Medications today are being created to work on types of seizures. As for Keppra I am currently on keppra and have been using it for many years. I can say that it have been the best medication I have taken in the 50+ years I have been living with epilepsy. It has not only reduced the number of seizures but it has also reducet the time in the seizure as well as the time to get back to normal.

I sincerly hope this helps and do come back and let us know how he is doing. If yo uhave more questions by all means post them


Re: Finding triggers?? What causes developmental delays?

Have you ever considered the Ketogenic Diet? John Hopkins just posted a video about curing infantile spasms with dietary therapy. It is also a first line treatment for that type of seizure.

With your son being so young, quick eradication of seizures Hopkins mentions as being important.  In terms of developmental delays, seizures interfere with is like the pause button being pushed each time they occur. Medications also slow the brain, so the speed in learning is also impaired.  My daughter suffered from uncontrolled epilepsy for over 1 year while we tried and failed meds. Despite being in status twice and hundred of thousands of seizures, she is academically okay.  I agree, I would tried to get the seizures stopped before worrying about triggers.  And if you have not done so already, I would check into dietary therapy especially if your child has failed 2 or more meds or is currently on 2 medications...from one mom to another. 

Good luck to you and I hope you find your magical treatment whatever it may be. 

April Runge
mom to Nevin, Doose Syndrome, seizure free, med free and diet free

Re: Finding triggers?? What causes developmental delays?


I have discussed the diet with my neurologist. He was the one that brought it up. I do know that it can and has helped many. I also know that the diet will not work on me because I would not stay on it. I have craving for many different things and once on it you are there for some time. When I am the one that cooks I also follow directions. I also change recipes to suite those that I am cooking for.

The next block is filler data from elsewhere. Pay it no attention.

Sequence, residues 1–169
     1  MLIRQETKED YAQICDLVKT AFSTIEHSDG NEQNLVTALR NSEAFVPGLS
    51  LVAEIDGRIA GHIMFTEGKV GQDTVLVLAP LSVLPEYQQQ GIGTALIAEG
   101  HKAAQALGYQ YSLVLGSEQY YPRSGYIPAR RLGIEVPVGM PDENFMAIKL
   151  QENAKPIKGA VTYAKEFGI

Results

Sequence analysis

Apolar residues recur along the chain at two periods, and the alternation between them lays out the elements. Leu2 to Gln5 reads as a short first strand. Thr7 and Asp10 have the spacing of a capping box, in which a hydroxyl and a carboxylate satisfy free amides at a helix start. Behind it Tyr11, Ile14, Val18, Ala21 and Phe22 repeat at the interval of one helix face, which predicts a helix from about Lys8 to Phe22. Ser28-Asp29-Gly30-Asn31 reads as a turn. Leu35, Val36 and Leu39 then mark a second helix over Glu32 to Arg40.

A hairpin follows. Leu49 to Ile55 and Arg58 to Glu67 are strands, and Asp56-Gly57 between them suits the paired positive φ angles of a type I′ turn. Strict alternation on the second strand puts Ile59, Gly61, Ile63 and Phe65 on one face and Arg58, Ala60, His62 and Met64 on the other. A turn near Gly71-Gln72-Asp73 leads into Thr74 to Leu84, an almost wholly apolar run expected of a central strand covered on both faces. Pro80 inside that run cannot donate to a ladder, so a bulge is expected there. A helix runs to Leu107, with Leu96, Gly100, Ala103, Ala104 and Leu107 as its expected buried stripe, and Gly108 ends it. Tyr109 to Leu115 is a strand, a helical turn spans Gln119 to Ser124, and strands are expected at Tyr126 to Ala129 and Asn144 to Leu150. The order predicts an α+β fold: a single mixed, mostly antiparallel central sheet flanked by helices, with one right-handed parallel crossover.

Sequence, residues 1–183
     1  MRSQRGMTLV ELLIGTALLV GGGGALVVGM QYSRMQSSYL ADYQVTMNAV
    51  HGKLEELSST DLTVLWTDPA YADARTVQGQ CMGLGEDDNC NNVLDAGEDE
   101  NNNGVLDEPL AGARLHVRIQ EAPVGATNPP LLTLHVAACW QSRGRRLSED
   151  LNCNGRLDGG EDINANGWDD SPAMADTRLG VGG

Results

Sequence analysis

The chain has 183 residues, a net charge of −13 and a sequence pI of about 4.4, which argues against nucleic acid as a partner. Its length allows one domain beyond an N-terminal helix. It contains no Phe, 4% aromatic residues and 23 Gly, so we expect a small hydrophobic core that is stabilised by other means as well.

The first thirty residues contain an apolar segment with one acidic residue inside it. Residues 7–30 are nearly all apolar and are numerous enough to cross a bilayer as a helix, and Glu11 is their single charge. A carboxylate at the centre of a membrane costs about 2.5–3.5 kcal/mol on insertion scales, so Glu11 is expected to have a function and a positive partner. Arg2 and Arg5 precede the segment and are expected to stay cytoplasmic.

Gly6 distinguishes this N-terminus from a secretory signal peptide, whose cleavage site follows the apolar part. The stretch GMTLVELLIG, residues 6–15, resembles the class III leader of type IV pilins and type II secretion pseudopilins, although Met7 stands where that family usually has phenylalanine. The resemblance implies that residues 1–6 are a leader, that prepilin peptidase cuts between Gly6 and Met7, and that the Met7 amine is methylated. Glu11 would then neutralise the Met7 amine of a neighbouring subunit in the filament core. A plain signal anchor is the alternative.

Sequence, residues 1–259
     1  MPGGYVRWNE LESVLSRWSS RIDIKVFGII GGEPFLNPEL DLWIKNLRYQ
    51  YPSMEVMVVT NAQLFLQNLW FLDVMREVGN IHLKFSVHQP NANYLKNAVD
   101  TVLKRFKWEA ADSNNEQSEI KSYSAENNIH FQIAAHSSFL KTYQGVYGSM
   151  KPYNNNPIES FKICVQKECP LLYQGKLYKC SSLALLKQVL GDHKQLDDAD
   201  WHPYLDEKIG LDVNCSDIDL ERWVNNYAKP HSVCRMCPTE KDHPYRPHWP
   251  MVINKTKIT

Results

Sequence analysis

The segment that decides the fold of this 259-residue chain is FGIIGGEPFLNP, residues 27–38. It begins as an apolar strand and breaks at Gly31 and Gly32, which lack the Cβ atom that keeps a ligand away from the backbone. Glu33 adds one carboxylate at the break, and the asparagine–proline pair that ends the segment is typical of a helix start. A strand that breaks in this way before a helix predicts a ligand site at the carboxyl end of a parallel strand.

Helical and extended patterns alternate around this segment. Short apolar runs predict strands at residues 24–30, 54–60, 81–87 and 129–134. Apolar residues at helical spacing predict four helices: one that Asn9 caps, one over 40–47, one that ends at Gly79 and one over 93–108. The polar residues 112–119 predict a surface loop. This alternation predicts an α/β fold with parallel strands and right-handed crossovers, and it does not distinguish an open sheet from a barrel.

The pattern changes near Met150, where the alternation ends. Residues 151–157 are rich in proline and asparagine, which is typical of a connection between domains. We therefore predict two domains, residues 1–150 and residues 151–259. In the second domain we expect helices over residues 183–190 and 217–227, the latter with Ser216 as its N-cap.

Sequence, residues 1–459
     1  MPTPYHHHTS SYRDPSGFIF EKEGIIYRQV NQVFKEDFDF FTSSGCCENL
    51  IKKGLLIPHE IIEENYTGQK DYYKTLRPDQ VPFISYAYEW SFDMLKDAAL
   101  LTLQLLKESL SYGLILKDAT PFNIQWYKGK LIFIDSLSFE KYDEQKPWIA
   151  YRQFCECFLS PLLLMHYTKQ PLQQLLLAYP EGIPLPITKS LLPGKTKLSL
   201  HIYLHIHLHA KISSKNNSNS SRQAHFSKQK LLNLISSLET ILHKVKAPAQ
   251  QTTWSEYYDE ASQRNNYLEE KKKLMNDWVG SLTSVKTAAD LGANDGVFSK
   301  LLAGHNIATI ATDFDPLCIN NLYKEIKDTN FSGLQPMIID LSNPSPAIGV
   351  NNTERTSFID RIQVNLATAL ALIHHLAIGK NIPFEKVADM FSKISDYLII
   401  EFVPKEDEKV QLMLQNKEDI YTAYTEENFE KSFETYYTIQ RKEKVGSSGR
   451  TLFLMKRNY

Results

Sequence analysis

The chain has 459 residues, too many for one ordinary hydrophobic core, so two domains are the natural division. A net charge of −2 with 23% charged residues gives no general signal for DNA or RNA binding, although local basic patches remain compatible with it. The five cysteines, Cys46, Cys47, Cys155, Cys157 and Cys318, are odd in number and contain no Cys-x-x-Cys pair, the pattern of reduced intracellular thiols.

My epilepsy is due to scared brain tissue which is in more then one lobe. I have been under pretty good control but we have also added another medication and the number of seizures are going down again. We (my neuro and I ) are wanting to see if I can become seizure free again. I say again becasue I had been seizure free for 3+ years at one time in my life.

So I am not against the diet and by all means if it is a baby then it can be controlled better but after 40 years people may not stay on it and it does not mean it isn't a good diet it just means I know myself and I now I would eat something that is not on the diet. Oh and as for changing food and cooking. I have done that because my other half had a heart attack. The first thing was the diet. If you want a diet that will work for people with heart conditions or diabeties by all means get the American Heart Ass, cook book.

Take care April


Re: Finding triggers?? What causes developmental delays?

Unfortunately, for most there are no causes for epilepsy. Neurology is a vastly unknown field and the only epilepsy tests available are not comprehensive or definitive at all. There is ugh thing as idiopathic epilepsy, that is epilepsy due to unknown causes. Some can be genetic, metabolic... Some others because of a very difficult birth.

Since he is very young, it would be impossible to determine triggers. With that being said, it would be a good idea to keep him from toys tht have flashing lights, avoid sudden loud noises to wake him abruptly and also make sure that he doesn't get too hot too fast. Last, keep an watchful eye on fevers as they bring on the seizures.

Developmental delays may be exhibited at A later time. Right now since he is so young it is difficult to stablish developmental delays if any. Typically developmental delays can be seen by age two. Typical signs is delayed reach of motor milestones such as walking and poor verbal communication comparatively with peers.

Epilepsy may or may not affect your child developmentally. It depends of the type of epilepsy, where in the brain, how long in betwwen seizures. Children brains are instantly growing, adapting and changing, so for some e spontaneous remission is possible, some are only child onset and are grown out, but agin, this is NOT the norm.

Why epilepsy affects development. Because the nervous system controls ll functions and when the vein has abnormal activity it may temporarily affect cognitive functions. If the brain has, say, a faulty area, the brin then have to ind other ways to function resulting in possible disfunction in learning or symply learning a different way.

Please know that is very possible to have a normal intellect and still have epilepsy. Epilepsy is a very broad condition and it encompasses many different types and severities.

Best wishes!